Good Design: Balancing the Personal & the Functional
6th November 2018
Naz Costante
Design & Illustration

Emotional Maturity

As a graphic designer and an illustrator, my most important objective is creating a product that conveys the message in a clear way, is easy to understand and captivating… in the eyes of the beholder. It might seem like a straightforward task, but it’s not as easy as it sounds. It’s a challenge to bypass all the personal preferences of everyone who’s involved in the project to deliver that message to the right audience, in an artistic, creative way.

Of course, there’s nothing wrong about liking what you’ve created, yet in my experience, you should always take a few steps back, get detached from your work and try to objectively assess it. If it’s not up to the task, you must come up with a version that does the job. We even call the process ‘killing your darlings’. At the beginning of a designer’s career, this may be annoying, but you learn to appreciate this process: in communication design, confusion or misunderstandings might result in unmatched expectations and inefficiency.

Target Your Audience

“The evaluation of a good visual communication design is mainly based on measuring comprehension by the audience, not on personal aesthetic and/or artistic preference as there are no universally agreed-upon principles of aesthetics.” – Jorge Frascara

You always design for a specific group of people: your target audience. This is cliché for a reason. You can probably read about it in every design-related article, but I can’t continue without mentioning this. Now, with the impact of globalisation, target audiences can be very broad, and they may consist of people from very different backgrounds. You should always know what the elements, the colors, the images or the words you choose to use mean to your target audience, because your design is as good as what your audience makes of it. At Happy Folk, we use a combination of empathy and research to make sure that our design decisions specifically relate to the correct audience. Empathy leads to good creative insights, whereas research helps us make weighed strategic choices.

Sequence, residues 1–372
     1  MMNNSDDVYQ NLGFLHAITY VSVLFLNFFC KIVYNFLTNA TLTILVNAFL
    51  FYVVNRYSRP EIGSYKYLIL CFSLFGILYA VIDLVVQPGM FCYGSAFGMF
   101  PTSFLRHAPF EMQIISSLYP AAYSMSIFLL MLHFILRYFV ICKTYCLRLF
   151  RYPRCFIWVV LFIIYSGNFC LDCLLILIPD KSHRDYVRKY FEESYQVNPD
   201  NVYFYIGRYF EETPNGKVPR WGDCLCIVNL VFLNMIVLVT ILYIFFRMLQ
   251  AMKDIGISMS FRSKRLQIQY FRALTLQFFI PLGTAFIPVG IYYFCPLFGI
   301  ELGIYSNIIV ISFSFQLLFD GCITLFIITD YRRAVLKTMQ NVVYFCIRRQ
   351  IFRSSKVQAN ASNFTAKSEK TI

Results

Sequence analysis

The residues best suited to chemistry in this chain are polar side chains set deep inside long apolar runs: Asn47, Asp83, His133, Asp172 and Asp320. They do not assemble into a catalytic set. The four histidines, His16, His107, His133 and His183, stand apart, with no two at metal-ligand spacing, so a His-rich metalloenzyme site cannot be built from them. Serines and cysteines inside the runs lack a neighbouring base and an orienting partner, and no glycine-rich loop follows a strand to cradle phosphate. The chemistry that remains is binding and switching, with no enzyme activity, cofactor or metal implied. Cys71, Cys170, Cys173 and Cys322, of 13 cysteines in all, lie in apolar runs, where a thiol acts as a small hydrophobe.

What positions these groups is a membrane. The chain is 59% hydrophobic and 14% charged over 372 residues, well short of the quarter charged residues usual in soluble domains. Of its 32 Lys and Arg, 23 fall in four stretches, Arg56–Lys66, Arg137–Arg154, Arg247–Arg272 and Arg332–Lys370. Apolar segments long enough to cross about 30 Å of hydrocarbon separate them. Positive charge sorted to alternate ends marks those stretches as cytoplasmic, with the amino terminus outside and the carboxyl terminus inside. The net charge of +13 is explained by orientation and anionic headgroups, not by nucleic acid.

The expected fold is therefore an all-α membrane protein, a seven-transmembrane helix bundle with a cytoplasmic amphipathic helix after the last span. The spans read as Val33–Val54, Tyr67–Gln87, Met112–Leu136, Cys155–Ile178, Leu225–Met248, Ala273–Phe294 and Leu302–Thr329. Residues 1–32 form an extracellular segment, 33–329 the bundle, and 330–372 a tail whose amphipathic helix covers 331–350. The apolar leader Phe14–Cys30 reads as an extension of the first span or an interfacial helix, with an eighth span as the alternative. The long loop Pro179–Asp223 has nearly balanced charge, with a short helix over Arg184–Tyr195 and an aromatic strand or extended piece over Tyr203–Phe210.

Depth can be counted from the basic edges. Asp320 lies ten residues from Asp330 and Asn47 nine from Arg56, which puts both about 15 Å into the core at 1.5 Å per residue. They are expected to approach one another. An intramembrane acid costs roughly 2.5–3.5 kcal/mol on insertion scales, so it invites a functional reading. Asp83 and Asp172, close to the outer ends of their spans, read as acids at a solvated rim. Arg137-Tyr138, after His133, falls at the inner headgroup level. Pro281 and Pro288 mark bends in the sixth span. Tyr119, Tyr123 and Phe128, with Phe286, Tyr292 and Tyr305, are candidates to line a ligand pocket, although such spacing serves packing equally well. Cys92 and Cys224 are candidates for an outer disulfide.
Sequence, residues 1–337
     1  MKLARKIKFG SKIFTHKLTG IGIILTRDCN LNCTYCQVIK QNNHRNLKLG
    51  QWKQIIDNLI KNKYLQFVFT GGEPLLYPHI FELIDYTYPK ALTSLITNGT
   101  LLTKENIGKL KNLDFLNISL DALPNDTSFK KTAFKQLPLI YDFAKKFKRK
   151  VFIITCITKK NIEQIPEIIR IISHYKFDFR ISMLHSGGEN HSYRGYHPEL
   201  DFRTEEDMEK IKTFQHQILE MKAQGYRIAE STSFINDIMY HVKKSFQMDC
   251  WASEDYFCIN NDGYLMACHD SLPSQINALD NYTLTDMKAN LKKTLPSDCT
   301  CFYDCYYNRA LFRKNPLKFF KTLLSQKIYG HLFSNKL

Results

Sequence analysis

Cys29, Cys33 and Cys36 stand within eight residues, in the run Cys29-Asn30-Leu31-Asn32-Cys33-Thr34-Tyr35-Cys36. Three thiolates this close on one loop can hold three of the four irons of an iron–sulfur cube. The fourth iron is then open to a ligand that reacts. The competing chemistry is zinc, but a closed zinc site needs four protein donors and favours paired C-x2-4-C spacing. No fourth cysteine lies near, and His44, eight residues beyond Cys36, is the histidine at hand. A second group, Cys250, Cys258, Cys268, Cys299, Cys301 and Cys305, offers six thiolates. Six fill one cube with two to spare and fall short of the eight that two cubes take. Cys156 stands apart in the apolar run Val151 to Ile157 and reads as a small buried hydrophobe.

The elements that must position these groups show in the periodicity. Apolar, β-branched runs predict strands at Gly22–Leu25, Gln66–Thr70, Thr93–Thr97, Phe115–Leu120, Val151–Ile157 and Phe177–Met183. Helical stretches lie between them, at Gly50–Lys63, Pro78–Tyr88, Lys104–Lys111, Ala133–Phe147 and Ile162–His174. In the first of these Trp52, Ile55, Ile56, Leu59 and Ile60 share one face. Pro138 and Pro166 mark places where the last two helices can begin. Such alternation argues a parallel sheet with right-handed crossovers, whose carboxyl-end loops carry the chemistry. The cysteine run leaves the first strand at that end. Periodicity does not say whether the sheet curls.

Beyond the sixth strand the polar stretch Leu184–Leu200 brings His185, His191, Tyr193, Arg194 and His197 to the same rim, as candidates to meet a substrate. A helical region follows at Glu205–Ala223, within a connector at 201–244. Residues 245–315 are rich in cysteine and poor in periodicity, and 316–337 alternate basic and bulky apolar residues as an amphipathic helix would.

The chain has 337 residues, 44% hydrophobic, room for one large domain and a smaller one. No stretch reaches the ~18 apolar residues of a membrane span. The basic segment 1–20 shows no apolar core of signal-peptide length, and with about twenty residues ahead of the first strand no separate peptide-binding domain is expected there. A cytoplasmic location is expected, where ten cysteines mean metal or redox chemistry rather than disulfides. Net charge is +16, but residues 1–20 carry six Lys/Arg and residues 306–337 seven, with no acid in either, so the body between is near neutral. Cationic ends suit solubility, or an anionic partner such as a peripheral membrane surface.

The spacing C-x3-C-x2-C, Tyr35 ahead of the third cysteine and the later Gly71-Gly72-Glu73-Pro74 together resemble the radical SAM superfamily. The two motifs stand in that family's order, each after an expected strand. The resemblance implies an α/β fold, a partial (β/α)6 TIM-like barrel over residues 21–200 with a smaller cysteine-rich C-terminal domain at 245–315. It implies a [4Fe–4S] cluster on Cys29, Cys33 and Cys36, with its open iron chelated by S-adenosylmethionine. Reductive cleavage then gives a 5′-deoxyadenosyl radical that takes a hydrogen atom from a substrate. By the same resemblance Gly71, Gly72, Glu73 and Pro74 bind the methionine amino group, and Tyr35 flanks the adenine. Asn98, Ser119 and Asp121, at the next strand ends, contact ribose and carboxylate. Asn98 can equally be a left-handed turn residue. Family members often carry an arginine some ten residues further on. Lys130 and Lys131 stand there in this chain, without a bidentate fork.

A Wide-angle Lens

“Always design a thing by considering it in its next larger context – a chair in a room, a room in a house, a house in an environment, an environment in a city plan.” – Eero Saarinen

From offending people of a certain ethnic background to affecting election results, as a designer, you do possess the power to shift the balance in this world. This, you should never forget. You can find so many examples which have resulted in a crisis because it was not thought through. Thus, to not end up in a public relations disaster, or even in a worse situation where you’d have to prove that your integrity is intact, you should always take a step back, look at what you’ve created from a distance, with a broader perspective and use your common sense.

Few people make these kinds of impactful mistakes intentionally. Bad planning is another reason for such events. Unrealistic deadlines, bad time management, stress, no space for maneuver, no flexibility means no time for quality check. Tight deadlines and long working hours are still accepted normal if not praised in our society but is it the best practice? Not at all. It is possible to build up a working culture where you don’t compromise on important things and still be successful. Good planning, confidence and perseverance can save you a lot of trouble and make for some happy team members!

What They Think (Usually) Matters

“All feedback is relevant, even if it’s not true.” – Ford Taylor

The way people perceive an image changes a lot based on their interpretation. As designers, we pay attention to different parts, see the details, know the latest design trends. A client or possibly the target audience “reads a visual” differently than we would. Visual literacy can become a blind spot for designers. If you have the chance, try to test your designs by showing it to different people, preferably non-designers. Of course, you should be selective of the feedback you implement because you must assess it bearing your target audience in mind.

Presenting Your Work

Design decisions and why they’re made always need to be explained thoroughly to the client. You need to provide the client with some values that can be used to assess your work objectively so that they don’t turn to their personal preferences to do it. And that’s the one thing you’d want to avoid because they might simply not like it – and that’s not necessarily a bad thing, since most of the time they’re not the target audience but it’s very hard to negotiate about this kind of feedback. It doesn’t mean your design is not up to the task: just make sure to build your argument correctly and present evidence that supports your choices.

A Successful Design Project

To sum up: assessing work objectively, defining a target audience, using a wider perspective, rethinking working culture, presenting your work in a clear manner and working in feedback are all essential for carrying out successful design projects. I am aware that it’s easy to make lists of advice for success and that it takes quite an effort to apply them in your daily work life, where it’ll benefit you or your client the most. I am convinced, however, that if you incorporate these tips in your design process even partially to start with, you’ll find your designs will be the better for it.